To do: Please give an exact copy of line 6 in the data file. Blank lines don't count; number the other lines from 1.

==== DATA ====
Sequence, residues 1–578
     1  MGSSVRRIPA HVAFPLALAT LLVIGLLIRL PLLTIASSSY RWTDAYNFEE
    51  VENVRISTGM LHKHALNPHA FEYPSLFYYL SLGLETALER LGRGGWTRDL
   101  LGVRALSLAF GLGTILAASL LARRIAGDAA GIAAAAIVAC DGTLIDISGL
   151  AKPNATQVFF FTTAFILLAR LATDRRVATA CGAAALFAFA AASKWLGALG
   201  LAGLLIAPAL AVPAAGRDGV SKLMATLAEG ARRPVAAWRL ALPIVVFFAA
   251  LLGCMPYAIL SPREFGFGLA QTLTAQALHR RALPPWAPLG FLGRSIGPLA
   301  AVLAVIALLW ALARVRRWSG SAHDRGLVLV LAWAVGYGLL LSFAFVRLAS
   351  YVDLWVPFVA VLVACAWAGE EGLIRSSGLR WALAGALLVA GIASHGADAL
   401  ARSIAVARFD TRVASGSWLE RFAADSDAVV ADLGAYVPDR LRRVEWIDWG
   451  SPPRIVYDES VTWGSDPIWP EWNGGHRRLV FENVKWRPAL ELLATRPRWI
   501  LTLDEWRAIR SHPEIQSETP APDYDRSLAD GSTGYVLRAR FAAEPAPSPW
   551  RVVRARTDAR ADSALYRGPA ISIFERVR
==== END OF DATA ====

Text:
   201  LAGLLIAPAL AVPAAGRDGV SKLMATLAEG ARRPVAAWRL ALPIVVFFAA